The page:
Queens native runs NYC Marathon for a good cause

When the first New York City Marathon took place in 1970, a six-year-old Ceil Witherspoon watched runners cross the Queensboro Bridge from her window in Queensbridge Houses.
In awe of the runners’ dedication, stamina and tenacity, the marathon is something that’s fascinated Witherspoon for her entire life. But at the same time it felt unattainable due to her asthma, limited athletic experience and discouraging comments from others.
This year, Witherspoon went against all odds and achieved her lifelong dream of running in the New York City Marathon.
For some, the normalization of mask wearing during COVID-19 is a hassle, but for Witherspoon it was a blessing in disguise that inspired her to enter.
“Keeping my mask on helped with my asthma because I wasn’t inhaling any of the pollen, dirt or leaves,” she said. “This year, my lungs are completely protected and I got the breathing under control.
“A lot of people don’t know how to properly use a mask and breathe, so I found myself showing them,” she added. “I haven’t had a major asthma attack, I haven’t had to go to the hospital and I’m in perfect shape to do this.”
In addition to teaching people how to breathe again, Witherspoon actively shares her knowledge about food through her work with City Harvest, the city’s largest food rescue organization.
She was one of 75 City Harvest volunteers who ran the marathon with a goal of raising $250,000 to continue the organization’s effort of providing New Yorkers with nutritious food.
Witherspoon works at City Harvest’s Mobile Markets, in which she helps distribute fresh produce and participates in cooking demonstrations to educate visitors about how to utilize the ingredients in beneficial ways.
“One thing I like about City Harvest is that I get to pass on what I know to people,” she said. “Oftentimes when we’re giving away food, people don’t know what to do with it, they’ve never seen it or tried it before. I love telling people how to cook spaghetti squash or yams, plantains or potatoes.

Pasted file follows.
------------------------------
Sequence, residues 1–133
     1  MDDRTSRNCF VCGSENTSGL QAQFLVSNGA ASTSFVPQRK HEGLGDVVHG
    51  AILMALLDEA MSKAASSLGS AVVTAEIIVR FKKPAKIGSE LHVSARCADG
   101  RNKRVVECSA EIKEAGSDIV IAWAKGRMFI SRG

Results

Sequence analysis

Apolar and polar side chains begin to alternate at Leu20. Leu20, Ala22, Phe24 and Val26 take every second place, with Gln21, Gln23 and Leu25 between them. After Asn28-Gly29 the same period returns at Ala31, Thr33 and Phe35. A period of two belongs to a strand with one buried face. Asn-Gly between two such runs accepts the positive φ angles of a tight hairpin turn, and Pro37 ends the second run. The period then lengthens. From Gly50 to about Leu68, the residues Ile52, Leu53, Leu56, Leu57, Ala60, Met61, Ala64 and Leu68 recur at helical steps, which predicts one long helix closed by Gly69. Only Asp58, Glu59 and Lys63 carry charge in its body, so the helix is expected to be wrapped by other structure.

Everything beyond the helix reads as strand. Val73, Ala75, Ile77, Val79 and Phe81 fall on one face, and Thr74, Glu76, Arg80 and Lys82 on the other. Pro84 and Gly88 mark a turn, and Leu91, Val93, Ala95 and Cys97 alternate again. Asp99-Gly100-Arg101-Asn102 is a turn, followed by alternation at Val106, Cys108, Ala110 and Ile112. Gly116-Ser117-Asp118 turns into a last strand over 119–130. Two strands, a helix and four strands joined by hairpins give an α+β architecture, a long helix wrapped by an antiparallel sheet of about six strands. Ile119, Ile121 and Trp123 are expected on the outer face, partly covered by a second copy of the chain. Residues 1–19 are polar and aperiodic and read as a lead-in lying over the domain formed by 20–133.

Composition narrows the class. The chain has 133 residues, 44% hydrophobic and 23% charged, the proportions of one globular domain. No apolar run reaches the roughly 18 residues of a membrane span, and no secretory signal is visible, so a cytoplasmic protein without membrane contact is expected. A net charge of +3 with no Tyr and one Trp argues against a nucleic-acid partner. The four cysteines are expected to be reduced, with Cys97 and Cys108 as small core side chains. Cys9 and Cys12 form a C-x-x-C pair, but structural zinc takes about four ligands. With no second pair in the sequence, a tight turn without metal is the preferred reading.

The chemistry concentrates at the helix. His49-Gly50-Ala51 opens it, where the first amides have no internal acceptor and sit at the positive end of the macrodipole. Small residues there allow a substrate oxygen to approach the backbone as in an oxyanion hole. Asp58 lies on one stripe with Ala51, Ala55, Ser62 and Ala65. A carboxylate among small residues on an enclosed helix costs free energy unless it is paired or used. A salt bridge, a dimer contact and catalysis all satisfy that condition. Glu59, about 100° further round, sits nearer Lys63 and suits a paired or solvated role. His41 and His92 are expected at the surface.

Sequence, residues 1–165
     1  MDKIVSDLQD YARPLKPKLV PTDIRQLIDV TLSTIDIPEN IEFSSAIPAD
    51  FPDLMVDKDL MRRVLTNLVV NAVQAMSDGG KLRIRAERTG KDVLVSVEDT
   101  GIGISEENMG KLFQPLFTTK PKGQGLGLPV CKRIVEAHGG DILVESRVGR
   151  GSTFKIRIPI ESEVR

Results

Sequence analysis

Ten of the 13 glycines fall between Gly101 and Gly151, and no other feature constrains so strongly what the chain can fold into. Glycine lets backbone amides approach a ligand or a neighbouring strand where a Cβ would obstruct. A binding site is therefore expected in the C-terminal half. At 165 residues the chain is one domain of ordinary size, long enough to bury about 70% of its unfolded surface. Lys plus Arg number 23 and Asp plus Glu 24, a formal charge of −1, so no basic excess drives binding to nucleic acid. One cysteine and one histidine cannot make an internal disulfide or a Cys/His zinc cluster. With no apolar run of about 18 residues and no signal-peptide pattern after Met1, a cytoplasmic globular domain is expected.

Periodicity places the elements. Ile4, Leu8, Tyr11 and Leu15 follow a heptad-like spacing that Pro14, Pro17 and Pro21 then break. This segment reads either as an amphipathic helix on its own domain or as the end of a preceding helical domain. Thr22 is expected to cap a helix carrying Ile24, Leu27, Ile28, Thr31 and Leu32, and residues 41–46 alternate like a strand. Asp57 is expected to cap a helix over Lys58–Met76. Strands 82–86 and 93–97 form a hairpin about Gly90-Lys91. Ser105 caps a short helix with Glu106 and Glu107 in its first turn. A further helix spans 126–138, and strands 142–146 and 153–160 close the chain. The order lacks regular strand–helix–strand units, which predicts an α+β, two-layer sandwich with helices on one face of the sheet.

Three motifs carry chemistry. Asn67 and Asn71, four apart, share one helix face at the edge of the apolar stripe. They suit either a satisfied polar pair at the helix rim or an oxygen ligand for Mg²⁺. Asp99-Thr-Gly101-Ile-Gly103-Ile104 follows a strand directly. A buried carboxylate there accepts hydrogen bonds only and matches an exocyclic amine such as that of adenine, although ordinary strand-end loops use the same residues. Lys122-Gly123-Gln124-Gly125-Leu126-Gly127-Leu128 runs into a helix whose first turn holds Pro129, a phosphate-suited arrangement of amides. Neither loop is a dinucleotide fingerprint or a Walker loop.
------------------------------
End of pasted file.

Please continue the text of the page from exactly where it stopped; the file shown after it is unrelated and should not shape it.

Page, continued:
“I’ve always liked to help people, but I’ve never had the outlet to do it,” Witherspoon added. “City Harvest lets me do it.”
Self-described as having zero athletic training in her early years, Witherspoon truly began to build her endurance in 1990 after she was hit by a city cab.
To bounce back from her injury, she walked to her job on 83rd Street in Manhattan from her Long Island City residence every day.
Eventually, she realized she could bike the 3.5-mile distance (where she still works today), which was what sparked her passion for bike riding. Witherspoon combined these two skills to train for the marathon
“I get up at five in the morning, walk the dogs, walk around my neighborhood for a mile or two and repeat it,” she said. “According to how you figure out the mileage, I’ve been biking 10k in a day and walking about 5k in the mornings, so I think I’m pretty good.
“I know I’ve got this,” she added.
And she was right. As one of the last runners of the day, Witherspoon crossed the finish line after 11 hours.
She attributes her achievement to her daily routine , along with the help of a bottle of water, three Life Savers and two Tylenol.
Witherspoon said that she’s had to deal with people underestimating her abilities, suggesting that her knees or body type might prevent her from completing the marathon.
“I’m not the skinniest person in the world, but I have a lot of stamina,” she said. “They don’t see that.
“If someone thinks they can’t do something and has people telling them they can’t, thank them for their opinion, but don’t believe them,” Witherspoon added. “The worst that could happen is you fail.”

You can donate to Witherspoon’s cause here.

City vaccine mandate goes into effect

Mayor Bill de Blasio announced the Key to NYC vaccination mandate for indoor dining, entertainment and fitness began on August 17. Enforcement will begin, with a multi-agency coalition, on September 13.